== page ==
Greg Chappell’s newly-released book, ‘Rahul Dravid – Timeless Steel’, has reveled the disparity in support which the batting legend received from the Indian national cricket team, asserting the belief that had he been treated as former captains had been in the past, he could have been India’s most successful skipper.
Dravid’s successful campaign as the captain of the national team seemed not to be enough to garner support from certain members of the team, Chappell writes.
"Sadly the success of the team was not universally enjoyed within the team. Some individuals felt threatened by the new world order and appeared to work against Rahul."
"Had he been given the same wholehearted support in the role that he had given others, I think the recent history of Indian cricket may have been very different and he could have gone on to become the most successful Indian captain ever.”, says Chappell in his book, launched yesterday in Mumbai as covered by the Times of India.
Speaking next of his remarkable abilities in his dual role as captain and batsmen, the former Australian skipper writes of Dravid’s hugely successful tactics of allowing opposing teams to bat first, honing the Indians’ capabilities to chase targets.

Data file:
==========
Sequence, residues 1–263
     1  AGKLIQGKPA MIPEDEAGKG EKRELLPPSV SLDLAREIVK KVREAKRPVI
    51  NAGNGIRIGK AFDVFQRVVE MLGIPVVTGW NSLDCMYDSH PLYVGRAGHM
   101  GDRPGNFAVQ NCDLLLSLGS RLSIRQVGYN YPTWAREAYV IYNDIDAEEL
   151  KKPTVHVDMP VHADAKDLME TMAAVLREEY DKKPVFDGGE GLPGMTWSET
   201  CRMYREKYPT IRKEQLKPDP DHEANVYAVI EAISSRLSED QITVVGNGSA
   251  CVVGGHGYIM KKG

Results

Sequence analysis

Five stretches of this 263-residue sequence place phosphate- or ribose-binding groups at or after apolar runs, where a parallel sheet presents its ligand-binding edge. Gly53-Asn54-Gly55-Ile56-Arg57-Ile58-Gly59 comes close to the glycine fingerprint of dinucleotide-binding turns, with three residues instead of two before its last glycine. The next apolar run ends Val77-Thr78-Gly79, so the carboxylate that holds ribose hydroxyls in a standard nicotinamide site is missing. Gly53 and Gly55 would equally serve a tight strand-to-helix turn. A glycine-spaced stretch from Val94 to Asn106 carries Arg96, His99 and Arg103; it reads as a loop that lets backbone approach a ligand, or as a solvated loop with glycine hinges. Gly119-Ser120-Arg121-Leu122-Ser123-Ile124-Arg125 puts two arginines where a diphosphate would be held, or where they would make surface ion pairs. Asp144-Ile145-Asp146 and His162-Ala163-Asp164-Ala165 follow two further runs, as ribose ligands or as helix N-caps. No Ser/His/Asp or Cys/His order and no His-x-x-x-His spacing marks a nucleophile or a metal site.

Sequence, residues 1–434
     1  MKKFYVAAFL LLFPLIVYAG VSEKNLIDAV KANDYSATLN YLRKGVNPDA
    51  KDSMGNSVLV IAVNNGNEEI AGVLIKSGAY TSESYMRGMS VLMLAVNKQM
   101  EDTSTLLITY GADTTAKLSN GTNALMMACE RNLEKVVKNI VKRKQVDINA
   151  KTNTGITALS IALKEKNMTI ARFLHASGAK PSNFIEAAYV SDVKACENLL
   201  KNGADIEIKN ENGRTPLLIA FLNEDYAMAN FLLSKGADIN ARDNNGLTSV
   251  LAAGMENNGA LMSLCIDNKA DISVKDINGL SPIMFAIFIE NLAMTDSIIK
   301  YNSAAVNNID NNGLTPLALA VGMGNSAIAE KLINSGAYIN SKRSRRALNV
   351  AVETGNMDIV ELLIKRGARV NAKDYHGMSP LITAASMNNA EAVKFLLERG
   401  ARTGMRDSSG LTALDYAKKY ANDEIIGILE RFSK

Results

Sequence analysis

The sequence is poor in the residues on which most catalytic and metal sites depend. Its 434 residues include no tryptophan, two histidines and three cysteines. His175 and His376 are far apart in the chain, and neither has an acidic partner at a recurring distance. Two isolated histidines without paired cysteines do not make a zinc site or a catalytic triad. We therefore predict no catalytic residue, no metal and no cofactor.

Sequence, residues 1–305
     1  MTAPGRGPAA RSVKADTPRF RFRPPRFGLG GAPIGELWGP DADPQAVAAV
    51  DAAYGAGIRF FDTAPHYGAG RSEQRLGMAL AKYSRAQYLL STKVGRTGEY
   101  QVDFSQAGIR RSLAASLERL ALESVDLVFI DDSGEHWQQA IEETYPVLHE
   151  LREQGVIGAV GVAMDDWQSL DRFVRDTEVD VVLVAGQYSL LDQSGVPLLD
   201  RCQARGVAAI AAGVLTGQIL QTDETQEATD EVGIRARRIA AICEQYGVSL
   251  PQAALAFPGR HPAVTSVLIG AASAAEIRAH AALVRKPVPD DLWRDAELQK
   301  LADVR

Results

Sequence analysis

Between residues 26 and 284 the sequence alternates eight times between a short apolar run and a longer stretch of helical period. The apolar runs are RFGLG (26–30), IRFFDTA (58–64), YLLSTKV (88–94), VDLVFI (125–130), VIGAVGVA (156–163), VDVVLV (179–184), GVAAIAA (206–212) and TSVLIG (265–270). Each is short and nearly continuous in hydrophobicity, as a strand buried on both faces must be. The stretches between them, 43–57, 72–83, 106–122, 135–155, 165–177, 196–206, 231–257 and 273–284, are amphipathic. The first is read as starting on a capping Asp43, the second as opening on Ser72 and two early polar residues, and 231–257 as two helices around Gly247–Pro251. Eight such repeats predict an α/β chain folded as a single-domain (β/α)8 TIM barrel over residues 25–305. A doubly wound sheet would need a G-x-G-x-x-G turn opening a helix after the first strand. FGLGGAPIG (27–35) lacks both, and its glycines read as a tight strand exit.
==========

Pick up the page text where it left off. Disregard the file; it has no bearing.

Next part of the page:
The former Indian coach point’s to such decision’s of the batting great which marked his aptitude in the role of skipper, as under Dravid India went on to achieve a world record of 17 consecutive wins batting second.
These wins came against heated rivals Pakistan and England on-the-trot.
A similar approach also led India to record their first win in over three decades in the West Indies and a first ever Test victory in South Africa.
Chappell also writes of his comfortable communication with Dravid in stark contrast to his combustible relationship with former captain Sourav Ganguly.
"Men don't say these things, but I have a genuine affection for Rahul Dravid," Chappell has said in the book.